Tuesday, September 2, 2014

They’re Taking Away My View (For a Little While)

View from Ken Snyder's office
After spending most of the long, hot summer in a classroom, six weeks ago I moved into my new office. My new office is on the west side of the Eccles Business Building, with a wonderful view of the construction site, and also a nice view of the quad.

Over the past six weeks, I’ve watched as the construction crew put up the support pillars and support walls for Level 3 of the new building. In just the last two weeks, the construction crew has laid the beams and metal framework for Level 4. And the concrete floor slab will be poured for Level 4 later this week. I know what comes after that:pillars and support walls.

It’s great to see the progress of the new building, but I have to admit, I have some mixed emotions about the progress. I will lose my view of the beautiful trees on the quad. As I whine to myself, I have to keep telling myself – Patience! When we have the new building, the views will be even better. For example, I can’t wait for our first event on the terrace (see my July 28, 2012 blog). I'll be counting down the days.

Ken Snyder

Thursday, August 28, 2014

A Saturday Morning Excursion

Last Saturday I had to come in to work. I needed to make sure all of the classrooms in the Eccles School of Business were ready for Monday morning classes. I also had to interview candidates for a few open positions in the business building and needed to participate in our MBA Orientation that was still going on. So I came into work early – even earlier than I needed to.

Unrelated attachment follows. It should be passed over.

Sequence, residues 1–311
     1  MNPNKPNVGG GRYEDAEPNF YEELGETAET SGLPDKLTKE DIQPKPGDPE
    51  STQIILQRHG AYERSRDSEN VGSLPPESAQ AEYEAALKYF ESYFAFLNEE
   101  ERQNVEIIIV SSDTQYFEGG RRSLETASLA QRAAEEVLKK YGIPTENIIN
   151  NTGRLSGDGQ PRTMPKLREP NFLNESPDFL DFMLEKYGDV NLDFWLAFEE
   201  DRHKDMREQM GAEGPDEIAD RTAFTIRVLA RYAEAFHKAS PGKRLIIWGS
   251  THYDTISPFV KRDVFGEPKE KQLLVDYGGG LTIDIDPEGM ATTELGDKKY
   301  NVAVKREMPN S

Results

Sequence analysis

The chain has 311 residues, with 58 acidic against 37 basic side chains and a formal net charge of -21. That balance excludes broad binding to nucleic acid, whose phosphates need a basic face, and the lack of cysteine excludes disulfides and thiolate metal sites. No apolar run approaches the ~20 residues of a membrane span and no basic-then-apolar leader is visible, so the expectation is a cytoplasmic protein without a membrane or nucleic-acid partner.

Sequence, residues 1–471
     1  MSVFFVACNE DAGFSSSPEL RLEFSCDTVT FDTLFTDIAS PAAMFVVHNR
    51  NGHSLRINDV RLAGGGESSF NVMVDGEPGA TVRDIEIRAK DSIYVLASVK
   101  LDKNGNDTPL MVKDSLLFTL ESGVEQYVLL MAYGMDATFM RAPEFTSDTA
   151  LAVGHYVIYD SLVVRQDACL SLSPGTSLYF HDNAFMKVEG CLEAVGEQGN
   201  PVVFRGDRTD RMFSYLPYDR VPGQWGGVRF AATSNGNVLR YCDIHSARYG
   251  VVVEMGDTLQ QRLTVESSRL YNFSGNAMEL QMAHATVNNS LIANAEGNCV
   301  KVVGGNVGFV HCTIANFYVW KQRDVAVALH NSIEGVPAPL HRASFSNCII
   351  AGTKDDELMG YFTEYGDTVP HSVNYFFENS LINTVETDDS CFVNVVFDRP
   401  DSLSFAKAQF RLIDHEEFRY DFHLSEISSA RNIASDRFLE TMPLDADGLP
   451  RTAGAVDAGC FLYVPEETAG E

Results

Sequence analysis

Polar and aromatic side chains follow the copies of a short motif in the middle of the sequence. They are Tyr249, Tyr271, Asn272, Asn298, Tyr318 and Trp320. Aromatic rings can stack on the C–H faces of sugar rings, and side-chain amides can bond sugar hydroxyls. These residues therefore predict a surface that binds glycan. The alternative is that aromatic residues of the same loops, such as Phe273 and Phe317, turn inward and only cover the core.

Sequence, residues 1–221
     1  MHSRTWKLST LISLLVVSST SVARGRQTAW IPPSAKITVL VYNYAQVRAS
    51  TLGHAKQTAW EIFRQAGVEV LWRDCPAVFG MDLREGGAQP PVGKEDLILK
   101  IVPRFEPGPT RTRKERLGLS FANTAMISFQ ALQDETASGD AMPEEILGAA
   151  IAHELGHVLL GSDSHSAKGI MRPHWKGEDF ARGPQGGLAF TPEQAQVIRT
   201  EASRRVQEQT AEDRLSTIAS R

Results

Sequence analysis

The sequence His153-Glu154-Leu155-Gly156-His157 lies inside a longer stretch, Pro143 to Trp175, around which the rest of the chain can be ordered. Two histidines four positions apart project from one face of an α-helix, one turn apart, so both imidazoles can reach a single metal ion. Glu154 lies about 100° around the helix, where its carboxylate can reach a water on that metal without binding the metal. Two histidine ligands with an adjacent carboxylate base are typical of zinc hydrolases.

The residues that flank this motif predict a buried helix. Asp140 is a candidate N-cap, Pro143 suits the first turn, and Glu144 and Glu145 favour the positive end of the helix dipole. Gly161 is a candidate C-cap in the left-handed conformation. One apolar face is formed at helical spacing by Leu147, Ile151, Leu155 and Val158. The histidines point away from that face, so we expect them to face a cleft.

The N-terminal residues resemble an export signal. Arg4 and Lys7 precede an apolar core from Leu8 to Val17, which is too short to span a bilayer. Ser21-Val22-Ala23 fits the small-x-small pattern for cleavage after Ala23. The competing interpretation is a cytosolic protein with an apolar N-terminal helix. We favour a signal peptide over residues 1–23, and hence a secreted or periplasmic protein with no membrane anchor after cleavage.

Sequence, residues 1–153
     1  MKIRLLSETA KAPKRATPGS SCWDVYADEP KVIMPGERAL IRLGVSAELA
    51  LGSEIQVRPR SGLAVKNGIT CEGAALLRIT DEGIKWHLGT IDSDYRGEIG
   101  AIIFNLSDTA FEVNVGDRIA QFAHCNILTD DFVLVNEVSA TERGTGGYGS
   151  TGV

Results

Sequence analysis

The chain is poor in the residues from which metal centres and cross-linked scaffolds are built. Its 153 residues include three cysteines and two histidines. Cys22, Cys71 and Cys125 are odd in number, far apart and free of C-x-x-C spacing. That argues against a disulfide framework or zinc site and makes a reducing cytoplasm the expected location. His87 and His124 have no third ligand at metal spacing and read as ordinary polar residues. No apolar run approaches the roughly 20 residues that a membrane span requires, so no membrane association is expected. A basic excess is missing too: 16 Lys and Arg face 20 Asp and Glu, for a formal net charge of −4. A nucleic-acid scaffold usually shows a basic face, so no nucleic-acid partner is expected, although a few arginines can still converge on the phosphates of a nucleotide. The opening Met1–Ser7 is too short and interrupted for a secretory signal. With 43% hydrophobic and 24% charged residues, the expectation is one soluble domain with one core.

On a whim I decided to take a little excursion. One of the fences around the construction yard wasn’t locked, so I snuck in there (don’t tell Sean or he’ll kill me!). I spent the next 45 minutes walking through the shell of the new building. I was struck by two things:

1) The immense size of the building. It is mammoth. It is spacious. It is awesome.

2) How easy it is becoming to envision everything. I have the advantage of seeing all the architectural renderings along the way, so I spent my time applying those renderings to the new building. I stood at the front of many of the classrooms and envisioned what it would be like to teach in it. I pretended to walk through and buy something in the cafeteria. I sat down in the courtyard and thought, “what a great place to sit down and drink hot chocolate.” I watched a student team work on a project in one of the student project team rooms. And so on…

All in all, it was a wonderful Saturday morning excursion. And the building really is coming together!